As to whether you can keep the soul of your company intact through an acquisition, I think it depends on who you sell to. If the new owners answer to the same constituency as you, it's possible to keep your soul intact. However, if you sell to someone who answers to a different constituency, you're going to struggle to nurture your culture.
For example, the founders of JetBlue started their airline to create a better experience for travelers. They answered to their customers – not a venture fund or a private equity outfit. They decided to differentiate by having the very best people and instead of having training and marketing as two separate departments, they put both functions under one vice president of marketing and training, Amy Curtis-McIntyre. If you're going to differentiate on the customer experience, then training your people has to be a function that lives with marketing. That's the kind of decision you can make – you have to make – when you answer to customers as your one and only constituency.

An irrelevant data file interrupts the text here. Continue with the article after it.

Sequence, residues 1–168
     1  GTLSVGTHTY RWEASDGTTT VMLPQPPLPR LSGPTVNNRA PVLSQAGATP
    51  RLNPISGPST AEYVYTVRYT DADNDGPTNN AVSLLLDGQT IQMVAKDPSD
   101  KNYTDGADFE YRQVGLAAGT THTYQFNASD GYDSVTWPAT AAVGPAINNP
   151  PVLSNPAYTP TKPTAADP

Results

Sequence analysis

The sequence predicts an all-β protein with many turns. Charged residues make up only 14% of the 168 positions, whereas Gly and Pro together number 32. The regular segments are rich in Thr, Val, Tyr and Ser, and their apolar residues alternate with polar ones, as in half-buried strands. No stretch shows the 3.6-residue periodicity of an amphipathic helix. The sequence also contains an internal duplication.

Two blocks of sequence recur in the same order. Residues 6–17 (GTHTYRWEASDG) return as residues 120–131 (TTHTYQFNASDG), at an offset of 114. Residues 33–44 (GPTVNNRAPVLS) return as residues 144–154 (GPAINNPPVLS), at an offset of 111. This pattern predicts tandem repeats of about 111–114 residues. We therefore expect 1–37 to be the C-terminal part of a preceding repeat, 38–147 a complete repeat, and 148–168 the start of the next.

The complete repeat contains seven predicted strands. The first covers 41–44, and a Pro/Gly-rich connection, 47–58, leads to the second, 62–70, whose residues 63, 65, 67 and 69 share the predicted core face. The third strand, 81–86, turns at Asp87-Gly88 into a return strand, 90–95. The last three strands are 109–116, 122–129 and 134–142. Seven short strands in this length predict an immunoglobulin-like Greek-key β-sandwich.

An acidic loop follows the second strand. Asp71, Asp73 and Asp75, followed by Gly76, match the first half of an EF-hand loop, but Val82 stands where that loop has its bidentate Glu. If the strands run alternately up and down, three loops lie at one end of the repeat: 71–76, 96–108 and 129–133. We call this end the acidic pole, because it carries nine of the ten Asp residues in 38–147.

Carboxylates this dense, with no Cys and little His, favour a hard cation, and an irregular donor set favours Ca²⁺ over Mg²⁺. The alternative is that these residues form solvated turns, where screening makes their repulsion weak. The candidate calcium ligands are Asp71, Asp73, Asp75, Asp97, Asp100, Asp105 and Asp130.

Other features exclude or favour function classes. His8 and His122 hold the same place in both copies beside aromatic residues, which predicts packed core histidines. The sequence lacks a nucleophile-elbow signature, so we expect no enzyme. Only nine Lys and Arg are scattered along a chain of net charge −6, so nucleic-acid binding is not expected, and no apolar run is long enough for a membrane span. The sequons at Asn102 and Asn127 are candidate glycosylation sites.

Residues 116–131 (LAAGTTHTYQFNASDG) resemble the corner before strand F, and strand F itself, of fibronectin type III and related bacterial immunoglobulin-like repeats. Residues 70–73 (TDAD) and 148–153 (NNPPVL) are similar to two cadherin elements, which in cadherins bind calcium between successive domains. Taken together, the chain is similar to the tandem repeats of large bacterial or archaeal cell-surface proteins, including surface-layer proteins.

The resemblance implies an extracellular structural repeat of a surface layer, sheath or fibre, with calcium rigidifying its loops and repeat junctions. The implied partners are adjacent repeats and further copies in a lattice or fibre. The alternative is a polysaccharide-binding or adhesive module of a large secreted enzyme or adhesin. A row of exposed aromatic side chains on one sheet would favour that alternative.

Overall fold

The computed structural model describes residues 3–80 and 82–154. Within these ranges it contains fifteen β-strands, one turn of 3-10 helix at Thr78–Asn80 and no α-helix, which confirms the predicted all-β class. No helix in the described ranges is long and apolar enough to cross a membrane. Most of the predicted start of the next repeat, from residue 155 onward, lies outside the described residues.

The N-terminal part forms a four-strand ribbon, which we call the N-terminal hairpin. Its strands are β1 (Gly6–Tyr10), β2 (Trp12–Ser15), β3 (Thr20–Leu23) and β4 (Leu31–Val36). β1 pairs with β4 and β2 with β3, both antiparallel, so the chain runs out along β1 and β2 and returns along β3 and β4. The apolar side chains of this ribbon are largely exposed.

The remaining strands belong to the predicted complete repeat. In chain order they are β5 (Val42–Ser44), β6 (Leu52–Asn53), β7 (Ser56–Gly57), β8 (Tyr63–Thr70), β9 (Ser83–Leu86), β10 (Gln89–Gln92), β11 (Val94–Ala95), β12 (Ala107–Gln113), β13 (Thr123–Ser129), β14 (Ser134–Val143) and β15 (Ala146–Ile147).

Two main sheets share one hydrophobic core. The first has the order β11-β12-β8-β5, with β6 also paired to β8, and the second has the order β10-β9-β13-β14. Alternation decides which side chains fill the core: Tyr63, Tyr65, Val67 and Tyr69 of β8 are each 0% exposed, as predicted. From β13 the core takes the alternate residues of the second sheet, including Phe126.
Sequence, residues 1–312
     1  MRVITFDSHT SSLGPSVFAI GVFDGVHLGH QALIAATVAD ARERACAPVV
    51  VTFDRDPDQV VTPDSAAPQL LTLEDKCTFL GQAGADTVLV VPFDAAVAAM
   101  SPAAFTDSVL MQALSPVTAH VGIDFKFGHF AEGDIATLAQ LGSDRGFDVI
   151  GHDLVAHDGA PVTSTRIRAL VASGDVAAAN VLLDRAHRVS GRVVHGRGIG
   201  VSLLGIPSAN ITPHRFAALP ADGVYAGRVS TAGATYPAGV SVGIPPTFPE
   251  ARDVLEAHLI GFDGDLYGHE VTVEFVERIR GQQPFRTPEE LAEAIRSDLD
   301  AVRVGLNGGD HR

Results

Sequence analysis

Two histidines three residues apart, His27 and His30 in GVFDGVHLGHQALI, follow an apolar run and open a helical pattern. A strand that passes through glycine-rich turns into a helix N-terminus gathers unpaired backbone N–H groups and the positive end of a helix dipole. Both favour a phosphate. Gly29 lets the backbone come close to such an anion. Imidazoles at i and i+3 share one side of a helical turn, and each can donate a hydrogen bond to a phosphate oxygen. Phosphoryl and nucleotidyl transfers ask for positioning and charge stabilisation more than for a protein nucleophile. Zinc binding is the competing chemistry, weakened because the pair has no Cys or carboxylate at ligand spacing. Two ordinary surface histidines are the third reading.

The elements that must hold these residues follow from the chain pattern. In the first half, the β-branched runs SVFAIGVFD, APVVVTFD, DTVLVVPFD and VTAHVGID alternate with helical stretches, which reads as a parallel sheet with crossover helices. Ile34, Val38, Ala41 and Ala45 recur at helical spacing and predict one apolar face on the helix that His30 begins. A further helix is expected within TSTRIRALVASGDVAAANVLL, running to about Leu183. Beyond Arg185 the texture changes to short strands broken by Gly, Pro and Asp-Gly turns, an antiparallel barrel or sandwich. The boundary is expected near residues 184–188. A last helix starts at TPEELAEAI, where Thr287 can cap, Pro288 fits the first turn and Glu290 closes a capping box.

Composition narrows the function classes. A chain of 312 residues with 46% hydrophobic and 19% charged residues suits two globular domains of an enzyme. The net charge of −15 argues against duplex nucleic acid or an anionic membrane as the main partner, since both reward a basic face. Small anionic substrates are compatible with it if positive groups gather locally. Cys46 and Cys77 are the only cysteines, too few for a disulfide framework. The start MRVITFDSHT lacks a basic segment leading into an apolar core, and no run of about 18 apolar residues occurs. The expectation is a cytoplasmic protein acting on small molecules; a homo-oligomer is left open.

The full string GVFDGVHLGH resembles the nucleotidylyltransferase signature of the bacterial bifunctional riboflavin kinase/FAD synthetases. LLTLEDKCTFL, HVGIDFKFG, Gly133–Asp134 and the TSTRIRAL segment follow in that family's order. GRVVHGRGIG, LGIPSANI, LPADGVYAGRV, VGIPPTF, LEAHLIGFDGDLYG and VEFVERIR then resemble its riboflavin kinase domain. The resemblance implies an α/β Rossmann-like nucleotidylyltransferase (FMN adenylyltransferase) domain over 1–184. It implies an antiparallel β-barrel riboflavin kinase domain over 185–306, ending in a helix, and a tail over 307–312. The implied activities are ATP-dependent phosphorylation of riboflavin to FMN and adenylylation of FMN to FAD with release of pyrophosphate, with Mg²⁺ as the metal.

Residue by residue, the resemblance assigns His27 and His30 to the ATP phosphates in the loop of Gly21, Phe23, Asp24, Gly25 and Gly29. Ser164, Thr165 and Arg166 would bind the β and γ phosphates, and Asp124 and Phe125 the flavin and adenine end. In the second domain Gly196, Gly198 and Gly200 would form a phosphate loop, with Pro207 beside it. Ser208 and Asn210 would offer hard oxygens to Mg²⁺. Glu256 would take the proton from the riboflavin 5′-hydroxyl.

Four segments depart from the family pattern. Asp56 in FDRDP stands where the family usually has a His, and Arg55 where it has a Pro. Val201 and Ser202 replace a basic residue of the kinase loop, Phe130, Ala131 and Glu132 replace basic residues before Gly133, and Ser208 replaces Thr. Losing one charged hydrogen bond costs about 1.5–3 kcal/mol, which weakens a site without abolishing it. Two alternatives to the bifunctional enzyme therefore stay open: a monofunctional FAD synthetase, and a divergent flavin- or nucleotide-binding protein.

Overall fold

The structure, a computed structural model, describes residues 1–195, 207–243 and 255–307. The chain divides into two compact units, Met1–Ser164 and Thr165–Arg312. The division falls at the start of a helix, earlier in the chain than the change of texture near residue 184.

JetBlue's new owners try to please customers so that they can please their shareholders. It's a subtle but important difference. Now when you fly JetBlue, there is big difference between staff who were trained by Amy and those that came after.
Warrillow: What's next for Seth Godin?
Godin: Since writing Linchpin I'm focused on encouraging people to do work that matters. I wake up every morning trying to provide something worthy of the platform I've been fortunate enough to be given. In fifty years, do you want your grand kids to know you filled out forms all day or that you did something that mattered?